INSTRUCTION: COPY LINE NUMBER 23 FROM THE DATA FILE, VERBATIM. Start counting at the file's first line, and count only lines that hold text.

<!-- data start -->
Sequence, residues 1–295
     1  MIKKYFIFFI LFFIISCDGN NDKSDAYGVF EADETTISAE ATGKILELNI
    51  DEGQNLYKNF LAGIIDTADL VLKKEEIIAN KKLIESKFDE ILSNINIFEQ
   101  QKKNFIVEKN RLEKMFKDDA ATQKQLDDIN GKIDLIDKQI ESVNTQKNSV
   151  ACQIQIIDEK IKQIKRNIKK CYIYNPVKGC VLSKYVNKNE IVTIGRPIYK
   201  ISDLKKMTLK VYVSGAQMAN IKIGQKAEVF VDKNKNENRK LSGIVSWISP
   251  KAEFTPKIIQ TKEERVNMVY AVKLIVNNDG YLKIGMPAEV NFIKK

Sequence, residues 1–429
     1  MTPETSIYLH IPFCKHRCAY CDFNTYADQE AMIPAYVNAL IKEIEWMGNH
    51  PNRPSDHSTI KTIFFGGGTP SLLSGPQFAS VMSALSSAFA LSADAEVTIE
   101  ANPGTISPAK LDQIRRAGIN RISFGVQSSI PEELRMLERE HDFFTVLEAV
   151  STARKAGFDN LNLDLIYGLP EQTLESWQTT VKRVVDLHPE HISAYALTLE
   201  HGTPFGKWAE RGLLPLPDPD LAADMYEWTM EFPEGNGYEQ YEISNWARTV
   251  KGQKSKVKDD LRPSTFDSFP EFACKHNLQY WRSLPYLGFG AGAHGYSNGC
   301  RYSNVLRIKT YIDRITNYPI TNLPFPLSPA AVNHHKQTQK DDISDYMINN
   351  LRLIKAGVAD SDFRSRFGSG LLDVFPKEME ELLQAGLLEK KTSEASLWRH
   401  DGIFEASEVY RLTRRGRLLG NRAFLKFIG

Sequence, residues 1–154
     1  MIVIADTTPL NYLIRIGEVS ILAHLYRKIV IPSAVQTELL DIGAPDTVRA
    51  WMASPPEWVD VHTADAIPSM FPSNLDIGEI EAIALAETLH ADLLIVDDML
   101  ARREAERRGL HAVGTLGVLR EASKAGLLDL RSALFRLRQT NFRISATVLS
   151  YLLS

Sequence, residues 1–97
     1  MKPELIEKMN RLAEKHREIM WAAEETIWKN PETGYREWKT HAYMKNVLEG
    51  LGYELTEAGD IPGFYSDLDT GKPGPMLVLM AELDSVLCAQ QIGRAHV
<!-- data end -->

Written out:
Sequence, residues 1–97